The HCBU Library Alliance is an organization dedicated to the preservation of Historically Black Colleges and Universities, as well as their libraries. The organization began in 2001, and was formalized with 25 directors and deans in a gathering. Today, the HCBU Library Alliance is comprised of almost 300,000 students, 20,000 faculty members in more than 3,000 majors. Furthermore, it encompasses 100 libraries, in 89 four-year institutions across 22 states. Membership with the HCBU Library Alliance allows you to network with other librarians within the organization, contribute in the strategic development, enjoy training designed for HCBU libraries, and be updated on the latest in programs and activities.
The HCBU Library Alliance currently offers 3 programs: The Cornell Digital Project, the Leadership Program, and the Photographic Preservation Project. The Cornell Digital Project is funded through a grand from Cornell University and is managed by the Andrew W. Mellon Foundation; and is the first in the country to work on creating a digitized framework for HCBU library materials, and address the digitization needs of historically black colleges and universities.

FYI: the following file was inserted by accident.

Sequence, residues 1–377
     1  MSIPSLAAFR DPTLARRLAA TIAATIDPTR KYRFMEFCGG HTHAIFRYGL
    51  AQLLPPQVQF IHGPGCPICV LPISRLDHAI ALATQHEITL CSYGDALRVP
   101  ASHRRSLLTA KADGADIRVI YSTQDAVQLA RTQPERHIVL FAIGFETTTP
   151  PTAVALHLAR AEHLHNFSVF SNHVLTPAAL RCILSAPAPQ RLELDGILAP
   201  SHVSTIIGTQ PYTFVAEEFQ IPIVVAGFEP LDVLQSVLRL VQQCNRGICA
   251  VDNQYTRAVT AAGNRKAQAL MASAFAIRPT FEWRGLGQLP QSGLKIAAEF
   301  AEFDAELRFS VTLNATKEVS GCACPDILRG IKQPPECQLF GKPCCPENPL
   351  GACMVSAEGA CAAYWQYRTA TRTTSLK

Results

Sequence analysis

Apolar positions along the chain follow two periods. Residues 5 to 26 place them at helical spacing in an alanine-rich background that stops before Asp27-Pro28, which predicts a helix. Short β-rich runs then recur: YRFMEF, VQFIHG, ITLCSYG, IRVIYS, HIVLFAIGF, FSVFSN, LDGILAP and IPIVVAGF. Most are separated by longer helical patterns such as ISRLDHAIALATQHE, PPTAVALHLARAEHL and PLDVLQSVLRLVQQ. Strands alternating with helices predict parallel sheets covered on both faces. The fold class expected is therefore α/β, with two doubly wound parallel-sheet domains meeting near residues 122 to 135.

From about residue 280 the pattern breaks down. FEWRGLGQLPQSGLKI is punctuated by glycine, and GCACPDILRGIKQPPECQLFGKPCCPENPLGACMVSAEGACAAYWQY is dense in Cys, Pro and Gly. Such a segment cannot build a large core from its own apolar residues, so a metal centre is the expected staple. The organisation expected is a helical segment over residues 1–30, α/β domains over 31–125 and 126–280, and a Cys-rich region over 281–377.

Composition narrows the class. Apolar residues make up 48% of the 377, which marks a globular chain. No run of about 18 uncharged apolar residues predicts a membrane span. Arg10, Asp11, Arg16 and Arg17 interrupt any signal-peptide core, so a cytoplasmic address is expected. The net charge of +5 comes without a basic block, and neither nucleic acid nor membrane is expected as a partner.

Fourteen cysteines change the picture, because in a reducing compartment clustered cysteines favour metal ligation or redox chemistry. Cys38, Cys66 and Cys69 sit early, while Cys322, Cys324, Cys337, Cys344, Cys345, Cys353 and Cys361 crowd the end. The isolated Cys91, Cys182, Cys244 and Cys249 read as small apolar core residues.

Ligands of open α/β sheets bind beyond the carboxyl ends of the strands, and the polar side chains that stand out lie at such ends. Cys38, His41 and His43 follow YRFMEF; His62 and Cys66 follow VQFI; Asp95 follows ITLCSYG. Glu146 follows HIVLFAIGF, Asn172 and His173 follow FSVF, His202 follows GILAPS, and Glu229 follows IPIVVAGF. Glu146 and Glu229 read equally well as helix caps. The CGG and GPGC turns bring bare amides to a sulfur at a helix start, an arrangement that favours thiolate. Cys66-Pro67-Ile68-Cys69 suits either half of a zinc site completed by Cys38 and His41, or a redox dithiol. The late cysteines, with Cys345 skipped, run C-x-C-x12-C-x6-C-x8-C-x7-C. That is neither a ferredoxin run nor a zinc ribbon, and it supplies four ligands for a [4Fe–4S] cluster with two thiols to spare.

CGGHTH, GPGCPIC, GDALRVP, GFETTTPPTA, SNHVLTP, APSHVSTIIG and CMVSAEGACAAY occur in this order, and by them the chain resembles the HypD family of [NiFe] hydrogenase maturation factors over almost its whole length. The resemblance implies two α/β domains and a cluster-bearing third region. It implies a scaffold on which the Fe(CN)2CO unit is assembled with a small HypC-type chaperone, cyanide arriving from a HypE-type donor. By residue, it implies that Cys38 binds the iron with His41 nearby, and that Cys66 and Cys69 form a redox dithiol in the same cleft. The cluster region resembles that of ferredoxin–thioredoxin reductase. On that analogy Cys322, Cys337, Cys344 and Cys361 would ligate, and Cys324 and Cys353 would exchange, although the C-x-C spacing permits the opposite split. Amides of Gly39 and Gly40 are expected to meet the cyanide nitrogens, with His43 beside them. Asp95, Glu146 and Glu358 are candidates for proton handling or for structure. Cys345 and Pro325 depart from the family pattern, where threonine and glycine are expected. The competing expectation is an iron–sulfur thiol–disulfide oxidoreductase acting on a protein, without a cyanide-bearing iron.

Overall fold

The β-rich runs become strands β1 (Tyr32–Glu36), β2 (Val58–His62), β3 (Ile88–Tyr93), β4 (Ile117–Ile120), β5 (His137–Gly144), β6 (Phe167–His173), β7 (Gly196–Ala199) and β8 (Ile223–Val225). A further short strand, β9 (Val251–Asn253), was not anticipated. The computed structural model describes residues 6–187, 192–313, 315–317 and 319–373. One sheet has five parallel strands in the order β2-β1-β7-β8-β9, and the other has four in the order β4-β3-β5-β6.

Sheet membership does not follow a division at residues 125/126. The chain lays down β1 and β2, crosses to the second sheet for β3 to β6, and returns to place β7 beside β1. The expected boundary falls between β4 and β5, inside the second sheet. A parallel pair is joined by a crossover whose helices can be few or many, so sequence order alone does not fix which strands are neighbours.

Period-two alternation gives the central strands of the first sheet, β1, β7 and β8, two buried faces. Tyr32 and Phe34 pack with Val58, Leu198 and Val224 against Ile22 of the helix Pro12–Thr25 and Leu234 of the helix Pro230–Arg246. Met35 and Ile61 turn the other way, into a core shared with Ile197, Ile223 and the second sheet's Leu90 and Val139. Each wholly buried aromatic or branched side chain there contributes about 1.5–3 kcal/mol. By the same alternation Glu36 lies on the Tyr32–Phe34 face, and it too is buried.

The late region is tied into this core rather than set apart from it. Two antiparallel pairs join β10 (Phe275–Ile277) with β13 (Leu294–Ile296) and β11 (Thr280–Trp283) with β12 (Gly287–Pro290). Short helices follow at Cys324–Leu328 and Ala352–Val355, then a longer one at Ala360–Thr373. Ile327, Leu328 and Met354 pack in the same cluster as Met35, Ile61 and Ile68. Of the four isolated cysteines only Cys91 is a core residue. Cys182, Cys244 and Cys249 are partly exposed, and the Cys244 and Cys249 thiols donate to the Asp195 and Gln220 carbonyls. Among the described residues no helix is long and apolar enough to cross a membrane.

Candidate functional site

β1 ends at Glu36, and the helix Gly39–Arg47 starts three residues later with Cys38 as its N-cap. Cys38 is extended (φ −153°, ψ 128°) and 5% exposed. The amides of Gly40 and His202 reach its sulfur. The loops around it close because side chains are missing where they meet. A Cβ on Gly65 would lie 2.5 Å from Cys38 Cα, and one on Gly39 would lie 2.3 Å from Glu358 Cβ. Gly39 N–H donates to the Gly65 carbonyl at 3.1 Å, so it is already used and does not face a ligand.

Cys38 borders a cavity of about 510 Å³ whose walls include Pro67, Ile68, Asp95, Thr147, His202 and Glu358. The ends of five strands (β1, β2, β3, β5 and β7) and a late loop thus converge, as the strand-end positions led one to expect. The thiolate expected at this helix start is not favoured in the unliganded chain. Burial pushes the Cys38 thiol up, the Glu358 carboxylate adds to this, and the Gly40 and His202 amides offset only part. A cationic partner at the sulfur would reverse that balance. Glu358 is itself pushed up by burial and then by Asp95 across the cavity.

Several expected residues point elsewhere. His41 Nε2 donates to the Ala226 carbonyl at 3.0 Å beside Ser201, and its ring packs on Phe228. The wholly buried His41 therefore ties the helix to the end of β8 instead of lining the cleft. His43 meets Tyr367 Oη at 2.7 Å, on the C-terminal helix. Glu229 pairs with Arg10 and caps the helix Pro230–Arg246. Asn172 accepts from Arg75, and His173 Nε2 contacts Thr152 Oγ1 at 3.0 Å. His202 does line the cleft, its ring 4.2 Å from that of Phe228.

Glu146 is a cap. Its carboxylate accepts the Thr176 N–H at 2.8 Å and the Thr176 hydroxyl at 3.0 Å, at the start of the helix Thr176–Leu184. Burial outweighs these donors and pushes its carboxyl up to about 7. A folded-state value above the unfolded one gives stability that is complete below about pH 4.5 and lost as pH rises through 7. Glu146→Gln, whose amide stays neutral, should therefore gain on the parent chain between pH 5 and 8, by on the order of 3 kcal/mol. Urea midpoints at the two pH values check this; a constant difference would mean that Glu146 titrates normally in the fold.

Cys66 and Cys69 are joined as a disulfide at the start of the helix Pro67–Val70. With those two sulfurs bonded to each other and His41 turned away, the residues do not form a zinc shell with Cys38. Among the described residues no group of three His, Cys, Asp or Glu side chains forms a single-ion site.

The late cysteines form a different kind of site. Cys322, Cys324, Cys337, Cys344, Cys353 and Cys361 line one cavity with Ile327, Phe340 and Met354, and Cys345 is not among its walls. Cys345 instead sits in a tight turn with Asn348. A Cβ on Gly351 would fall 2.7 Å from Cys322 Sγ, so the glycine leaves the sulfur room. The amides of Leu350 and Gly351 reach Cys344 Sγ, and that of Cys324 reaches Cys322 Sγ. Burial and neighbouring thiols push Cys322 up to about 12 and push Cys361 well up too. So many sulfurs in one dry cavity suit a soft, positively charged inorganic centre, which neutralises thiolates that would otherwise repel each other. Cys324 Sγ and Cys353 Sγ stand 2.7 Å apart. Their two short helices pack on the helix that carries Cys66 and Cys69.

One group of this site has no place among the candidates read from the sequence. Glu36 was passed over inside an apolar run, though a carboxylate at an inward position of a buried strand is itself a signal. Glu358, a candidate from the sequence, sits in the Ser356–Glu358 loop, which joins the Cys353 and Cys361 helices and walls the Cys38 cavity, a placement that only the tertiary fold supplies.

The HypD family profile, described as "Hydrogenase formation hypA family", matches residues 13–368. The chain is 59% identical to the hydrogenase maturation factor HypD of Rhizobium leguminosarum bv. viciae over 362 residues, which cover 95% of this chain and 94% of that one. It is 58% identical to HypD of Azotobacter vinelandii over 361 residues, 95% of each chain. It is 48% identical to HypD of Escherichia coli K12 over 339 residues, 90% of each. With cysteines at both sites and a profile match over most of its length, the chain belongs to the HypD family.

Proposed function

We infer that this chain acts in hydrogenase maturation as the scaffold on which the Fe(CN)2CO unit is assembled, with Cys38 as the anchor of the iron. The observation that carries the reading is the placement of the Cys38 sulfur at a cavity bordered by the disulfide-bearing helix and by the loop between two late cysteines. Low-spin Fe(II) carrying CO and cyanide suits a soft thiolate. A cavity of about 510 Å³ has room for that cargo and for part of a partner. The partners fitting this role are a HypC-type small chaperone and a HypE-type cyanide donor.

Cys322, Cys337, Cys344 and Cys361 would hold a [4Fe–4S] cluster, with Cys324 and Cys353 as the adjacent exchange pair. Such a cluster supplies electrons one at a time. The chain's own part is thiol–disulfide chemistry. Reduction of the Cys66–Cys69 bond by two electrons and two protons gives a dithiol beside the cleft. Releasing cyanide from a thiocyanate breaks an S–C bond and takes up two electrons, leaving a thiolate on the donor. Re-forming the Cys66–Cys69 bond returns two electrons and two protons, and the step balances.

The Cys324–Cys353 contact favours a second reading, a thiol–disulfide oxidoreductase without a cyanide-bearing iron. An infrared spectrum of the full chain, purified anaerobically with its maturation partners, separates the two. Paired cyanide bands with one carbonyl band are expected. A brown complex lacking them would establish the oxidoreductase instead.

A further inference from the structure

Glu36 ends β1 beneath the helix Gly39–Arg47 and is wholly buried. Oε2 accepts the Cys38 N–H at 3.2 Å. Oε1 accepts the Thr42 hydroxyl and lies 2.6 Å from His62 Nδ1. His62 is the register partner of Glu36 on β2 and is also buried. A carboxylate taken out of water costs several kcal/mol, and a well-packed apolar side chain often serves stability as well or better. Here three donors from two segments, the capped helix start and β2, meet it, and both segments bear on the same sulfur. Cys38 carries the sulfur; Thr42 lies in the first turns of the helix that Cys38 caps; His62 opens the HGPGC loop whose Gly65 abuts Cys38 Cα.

The Leadership Program is aimed at developing the leadership skills of community members of HCBU within the campus. The program is comprised of various phases that vary depending on the year; with the latest program encompassing participant selection, program development, training, assessment, and creation of a post-program sustainability plan.
The Preservation for Photographic Collections in Historically Black Colleges and Universities is a program created with the partnership of the Southeastern Library Network and the Art Conservation Department at the University of Delaware. The program was created with 4 phases: Phase 1 includes staff training in 10 HCBU’s with the latest in photographic preservation, which took place in October 2007. Phase 2 included a consultation with conservation experts so as to determine the specific photographic needs and how to manage priorities. The experts also helped demonstrate an actual photographic preservation project, which was held on February 2008. Phase 3 was about project implementation in 10 HCBU sites, as well as the development and establishment of an environmental monitoring program. The last phase involved a whole day seminar on photographic preservation, held on October 2008.
The HCBU’s strategic direction for the coming years involves a focus on attaining financial sustainability, continuous learning, training, and education, and increased visibility through marketing. More information about HCBU’s history and programs can be found by visiting their <a href=”http://www.hbculibraries.org” title=”HBCU Library Alliance” rel=”nofollow” target=”_blank”>website</a>.
Photo Credit: HBCU Library Alliance